I'm currently teaching a calculus course and I want to create a project in which we analyse different population growth models using the tools we've learned so far. With this in mind I found a great article where both the history and technical aspects of the subject are very well explained. I want to create a PDF where I can write down verbatim most of this text and even some figures (which are part of other papers), just adding exercises and remarks as we move forward.

The question then is, how can I do this without incurring into plagiarism? Two ideas come to mind:

1) Clarify at the beginning of the text that everything, except the exercises, is written down exactly as in the reference.

2) In addition to the above clarification, use a box or quotes whenever a part of the paper is cited. I think this probably is the best course of action, but it's certainly impractical.

Does anyone have a better idea?

1 Answer 1


It isn't plagiarism if you don't represent it as your own work. If it is cited, it isn't plagiarism. However, copying complete articles is fraught and comes up against copyright restrictions which can result in either legal action or lawsuit. You should talk to someone locally about what is allowed and what is not. Librarians are good at that as is the legal department, if available, at your institution. As to how to cite, either of your options seems fine. They both indicate that you are quoting, not just paraphrasing.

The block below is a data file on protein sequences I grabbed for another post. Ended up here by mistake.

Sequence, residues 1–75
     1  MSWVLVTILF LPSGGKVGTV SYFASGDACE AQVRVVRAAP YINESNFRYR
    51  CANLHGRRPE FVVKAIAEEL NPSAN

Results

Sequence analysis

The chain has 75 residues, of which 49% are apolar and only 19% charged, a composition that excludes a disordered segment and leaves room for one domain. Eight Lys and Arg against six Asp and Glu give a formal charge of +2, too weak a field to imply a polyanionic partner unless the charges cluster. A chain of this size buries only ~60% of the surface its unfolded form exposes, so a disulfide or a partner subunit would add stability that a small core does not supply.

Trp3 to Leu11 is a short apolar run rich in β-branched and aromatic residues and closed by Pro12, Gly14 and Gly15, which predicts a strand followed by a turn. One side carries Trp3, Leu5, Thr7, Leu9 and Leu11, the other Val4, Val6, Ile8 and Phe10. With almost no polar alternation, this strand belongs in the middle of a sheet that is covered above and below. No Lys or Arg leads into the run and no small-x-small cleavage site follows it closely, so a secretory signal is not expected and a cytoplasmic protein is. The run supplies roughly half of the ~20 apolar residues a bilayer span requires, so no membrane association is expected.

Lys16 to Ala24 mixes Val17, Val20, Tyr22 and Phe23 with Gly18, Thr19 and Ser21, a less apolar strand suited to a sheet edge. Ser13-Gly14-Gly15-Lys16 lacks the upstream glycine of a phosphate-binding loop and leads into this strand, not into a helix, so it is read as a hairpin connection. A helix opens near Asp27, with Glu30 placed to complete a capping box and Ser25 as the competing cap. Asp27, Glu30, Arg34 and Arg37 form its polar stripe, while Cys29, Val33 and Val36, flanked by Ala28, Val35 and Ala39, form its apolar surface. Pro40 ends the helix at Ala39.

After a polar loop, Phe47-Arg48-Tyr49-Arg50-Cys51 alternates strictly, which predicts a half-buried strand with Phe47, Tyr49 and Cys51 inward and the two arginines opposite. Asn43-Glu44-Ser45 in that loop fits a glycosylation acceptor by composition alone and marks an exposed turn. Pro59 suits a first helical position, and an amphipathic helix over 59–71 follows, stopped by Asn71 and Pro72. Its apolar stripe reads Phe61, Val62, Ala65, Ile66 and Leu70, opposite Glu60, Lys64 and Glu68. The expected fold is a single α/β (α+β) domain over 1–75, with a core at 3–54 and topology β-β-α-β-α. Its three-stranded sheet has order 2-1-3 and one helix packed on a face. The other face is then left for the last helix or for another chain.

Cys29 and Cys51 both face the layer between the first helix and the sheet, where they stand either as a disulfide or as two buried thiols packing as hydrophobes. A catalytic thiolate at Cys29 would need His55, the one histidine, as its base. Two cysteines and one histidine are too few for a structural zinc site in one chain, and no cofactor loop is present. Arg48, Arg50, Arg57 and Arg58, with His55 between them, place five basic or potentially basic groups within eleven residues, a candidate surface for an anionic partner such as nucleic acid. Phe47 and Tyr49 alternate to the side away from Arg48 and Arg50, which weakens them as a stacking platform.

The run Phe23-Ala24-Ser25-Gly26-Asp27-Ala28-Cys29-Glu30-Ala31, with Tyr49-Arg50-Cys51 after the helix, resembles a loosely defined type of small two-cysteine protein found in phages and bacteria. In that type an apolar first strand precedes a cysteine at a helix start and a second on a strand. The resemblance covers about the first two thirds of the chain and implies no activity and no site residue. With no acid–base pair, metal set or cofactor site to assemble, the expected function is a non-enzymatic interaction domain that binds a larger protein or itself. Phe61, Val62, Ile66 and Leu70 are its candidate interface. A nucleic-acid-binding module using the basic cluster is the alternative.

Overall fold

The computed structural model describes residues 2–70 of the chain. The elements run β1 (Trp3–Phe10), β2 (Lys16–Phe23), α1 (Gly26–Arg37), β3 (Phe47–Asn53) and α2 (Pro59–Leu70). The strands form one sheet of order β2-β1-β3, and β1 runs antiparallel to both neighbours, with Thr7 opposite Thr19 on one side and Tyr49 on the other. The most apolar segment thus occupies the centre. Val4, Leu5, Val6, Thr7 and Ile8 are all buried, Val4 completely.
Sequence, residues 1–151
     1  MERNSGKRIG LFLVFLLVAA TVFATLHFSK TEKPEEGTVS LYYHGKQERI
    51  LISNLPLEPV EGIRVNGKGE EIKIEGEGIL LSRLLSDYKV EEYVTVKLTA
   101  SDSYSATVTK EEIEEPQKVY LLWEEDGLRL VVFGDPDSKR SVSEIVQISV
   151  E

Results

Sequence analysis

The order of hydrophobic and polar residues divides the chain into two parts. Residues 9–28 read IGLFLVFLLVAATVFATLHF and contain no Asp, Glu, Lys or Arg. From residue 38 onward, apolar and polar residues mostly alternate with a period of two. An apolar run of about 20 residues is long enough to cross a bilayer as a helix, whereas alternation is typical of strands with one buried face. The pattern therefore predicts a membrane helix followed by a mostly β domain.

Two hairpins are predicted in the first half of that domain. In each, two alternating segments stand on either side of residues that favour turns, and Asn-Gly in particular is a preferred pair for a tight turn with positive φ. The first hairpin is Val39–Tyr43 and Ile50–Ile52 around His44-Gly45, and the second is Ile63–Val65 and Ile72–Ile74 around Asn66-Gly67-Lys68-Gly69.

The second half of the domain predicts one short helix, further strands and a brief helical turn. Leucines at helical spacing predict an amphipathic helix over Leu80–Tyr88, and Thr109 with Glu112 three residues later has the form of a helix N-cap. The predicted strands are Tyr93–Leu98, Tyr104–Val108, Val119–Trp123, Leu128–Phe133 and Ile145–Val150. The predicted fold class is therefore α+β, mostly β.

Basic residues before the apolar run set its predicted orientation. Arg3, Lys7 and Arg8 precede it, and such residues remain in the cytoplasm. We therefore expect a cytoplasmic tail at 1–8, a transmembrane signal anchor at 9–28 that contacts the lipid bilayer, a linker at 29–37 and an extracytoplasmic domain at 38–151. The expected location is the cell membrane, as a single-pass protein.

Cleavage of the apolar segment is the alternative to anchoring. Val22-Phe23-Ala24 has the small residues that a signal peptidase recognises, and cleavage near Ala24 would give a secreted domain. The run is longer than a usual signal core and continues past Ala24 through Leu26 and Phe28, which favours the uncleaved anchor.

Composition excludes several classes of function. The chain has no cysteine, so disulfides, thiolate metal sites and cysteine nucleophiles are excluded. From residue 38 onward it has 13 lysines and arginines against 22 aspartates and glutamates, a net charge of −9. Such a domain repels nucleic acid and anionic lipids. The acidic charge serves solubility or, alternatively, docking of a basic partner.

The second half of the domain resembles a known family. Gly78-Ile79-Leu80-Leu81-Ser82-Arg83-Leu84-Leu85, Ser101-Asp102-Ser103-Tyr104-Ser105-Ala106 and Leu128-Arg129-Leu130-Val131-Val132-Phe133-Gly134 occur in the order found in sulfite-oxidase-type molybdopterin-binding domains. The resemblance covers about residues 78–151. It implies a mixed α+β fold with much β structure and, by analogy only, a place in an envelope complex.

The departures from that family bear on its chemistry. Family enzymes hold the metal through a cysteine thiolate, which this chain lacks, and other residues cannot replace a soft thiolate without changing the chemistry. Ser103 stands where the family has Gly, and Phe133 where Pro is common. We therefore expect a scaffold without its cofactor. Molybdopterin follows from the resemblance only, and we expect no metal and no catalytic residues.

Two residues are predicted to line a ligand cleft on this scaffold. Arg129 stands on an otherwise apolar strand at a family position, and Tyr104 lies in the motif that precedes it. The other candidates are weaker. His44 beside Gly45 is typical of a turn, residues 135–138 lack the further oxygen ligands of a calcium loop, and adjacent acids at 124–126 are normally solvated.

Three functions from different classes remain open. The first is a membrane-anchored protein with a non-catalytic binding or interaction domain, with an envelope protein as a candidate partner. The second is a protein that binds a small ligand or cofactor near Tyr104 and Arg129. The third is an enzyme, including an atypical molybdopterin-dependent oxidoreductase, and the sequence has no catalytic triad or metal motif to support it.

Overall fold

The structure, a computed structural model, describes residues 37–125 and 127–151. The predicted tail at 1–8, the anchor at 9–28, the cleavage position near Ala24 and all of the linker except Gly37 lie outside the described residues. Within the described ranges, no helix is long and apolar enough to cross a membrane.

Just be sure you are covered or willing to take the risk of possible censure.

Contacting the article's author may give you additional guidance and possibly permission.

  • Thanks, Buffy. I hear you. I guess it would be important to clarify that my source is freely available online, so presumably all of my students could've accessed it by themselves. Do you think this solves the issues you mention?
    – user347489
    Commented Nov 20, 2018 at 22:32
  • 1
    If they access it themselves then you don't need to copy it. Much cleaner that way. You can just reference relevant sections of it as needed.
    – Buffy
    Commented Nov 20, 2018 at 22:38
  • Duh! The reasoning is so simple that it's great. Thanks for the help!
    – user347489
    Commented Nov 20, 2018 at 22:46

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